Archive - Nov 17, 2011

Archive - Nov 17, 2011

Man Saved at Hockey Rink Thanks to AED

SASKATOON--A man’s life was saved in Saskatoon thanks to an automated external defibrillator on-site at a local hockey rink.

According to MD Ambulance, paramedics responded Sunday around 11:20 a.m. to the Agri-Twins Arena, where a 58-year-old man collapsed while playing hockey. The staff at the arena called 911 and then, with the help of a licensed practical nurse who happened to be in the building, defibrillated the man. When paramedics arrived, the 58 year old was breathing on his own. He was taken by ambulance to Royal University Hospital in stable condition.

Can Twitter Save Lives?

Penn researchers' probe of social media discussion on cardiac arrest reveals new avenues for public health education

ORLANDO – Discussion about cardiac arrest on Twitter is common and represents a new opportunity to provide lifesaving information to the public, according to new research from the Perelman School of Medicine at the University of Pennsylvania. The Penn investigators presented two studies examining cardiac arrest-information exchange on the social media site today at the American Heart Association's annual Scientific Sessions.

Good Samaritans Reunite

EAU CLAIRE, Wis. (AP) -- A man who had stopped to help a woman change a tire along a Wisconsin interstate before suffering cardiac arrest was reunited with the motorist who had a chance to quickly repay his kindness.

Victor Giesbrecht of Winnipeg, Manitoba, lost consciousness after driving away from the tire change on Interstate 94 in Dunn County Nov. 5. His wife, a passenger, was able to bring their pickup to a stop.

Sara Berg and her cousin, Lisa Meier, both of Eau Claire, saw the truck on the side of the road and recognized it as the one belonging to the man who had just helped them. Berg jumped in the truck and began CPR. Giebrecht had a chance to thank Berg and first responders Wednesday evening in his room at an Eau Claire hospital during an emotional reunion.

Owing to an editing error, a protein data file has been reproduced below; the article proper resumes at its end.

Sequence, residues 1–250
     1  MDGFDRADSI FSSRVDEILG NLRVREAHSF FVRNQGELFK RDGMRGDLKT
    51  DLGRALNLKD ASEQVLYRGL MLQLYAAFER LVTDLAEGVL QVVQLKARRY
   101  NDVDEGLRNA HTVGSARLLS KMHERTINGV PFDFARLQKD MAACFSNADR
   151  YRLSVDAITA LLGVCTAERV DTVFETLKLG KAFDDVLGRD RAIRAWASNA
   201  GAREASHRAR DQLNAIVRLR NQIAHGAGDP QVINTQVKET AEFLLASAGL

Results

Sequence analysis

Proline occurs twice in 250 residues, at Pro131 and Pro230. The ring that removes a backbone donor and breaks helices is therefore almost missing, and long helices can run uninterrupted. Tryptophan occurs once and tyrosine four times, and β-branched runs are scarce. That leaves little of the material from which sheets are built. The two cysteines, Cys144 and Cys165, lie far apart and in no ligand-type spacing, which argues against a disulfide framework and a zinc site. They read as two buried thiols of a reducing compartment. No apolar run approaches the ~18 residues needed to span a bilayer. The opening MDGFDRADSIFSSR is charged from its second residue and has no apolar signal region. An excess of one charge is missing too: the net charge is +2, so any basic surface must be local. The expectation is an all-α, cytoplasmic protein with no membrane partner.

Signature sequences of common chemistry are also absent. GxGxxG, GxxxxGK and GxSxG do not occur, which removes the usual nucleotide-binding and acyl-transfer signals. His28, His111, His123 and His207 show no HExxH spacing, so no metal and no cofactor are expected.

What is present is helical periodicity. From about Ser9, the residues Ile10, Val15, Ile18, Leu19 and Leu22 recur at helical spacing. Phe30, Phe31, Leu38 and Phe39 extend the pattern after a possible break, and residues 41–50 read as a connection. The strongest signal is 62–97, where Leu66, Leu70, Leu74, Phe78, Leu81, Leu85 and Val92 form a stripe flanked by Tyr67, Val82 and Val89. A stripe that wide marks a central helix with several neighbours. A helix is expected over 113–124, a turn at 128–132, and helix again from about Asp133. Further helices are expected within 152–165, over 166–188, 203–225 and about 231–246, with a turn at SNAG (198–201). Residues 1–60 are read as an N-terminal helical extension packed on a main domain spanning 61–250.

Wearable Defibrillators Prevent Deaths

(Ivanhoe Newswire) – About 7 percent of people in the U.S. who have sudden cardiac arrest outside of the hospital survive to hospital discharge, and according to this study, a wearable defibrillator can prevent sudden death in these people. Wearable cardioverter defibrillators are used by people who may be at higher risk for sudden cardiac arrest, including those with weakened heart function, awaiting cardiac transplant or with a condition that prevents or delays them from receiving an implanted defibrillator. The device monitors heart rhythm, emits alarms if a serious arrhythmia occurs, delivers an electric shock to the heart if needed and alerts bystanders to help if the heart's electrical activity has stopped.

Most State Police Agencies Do Not Equip Vehicles with AEDs

Just 30 percent the nation's state police agencies reported that they equip their vehicles with automated external defibrillators, and of those, nearly 60 percent of said only a minority of their fleet have the lifesaving devices on board, according to new research from the Perelman School of Medicine at the University of Pennsylvania presented today at the American Heart Association's annual Scientific Sessions.

"Putting AEDs into more state police cruisers could provide a significant safety net for people who suffer cardiac arrest on our nation's highways, where state police officers often serve as first responders," said senior author Benjamin Abella, MD, MPhil, an assistant professor of Emergency Medicine and director of clinical research in the Center for Resuscitation Science.

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The mission of the Sudden Cardiac Arrest (SCA) Foundation is to prevent death and disability from sudden cardiac arrest. The vision of the SCA Foundation is to increase awareness about sudden cardiac arrest and influence attitudinal and behavioral changes that will reduce mortality and morbidity from SCA.

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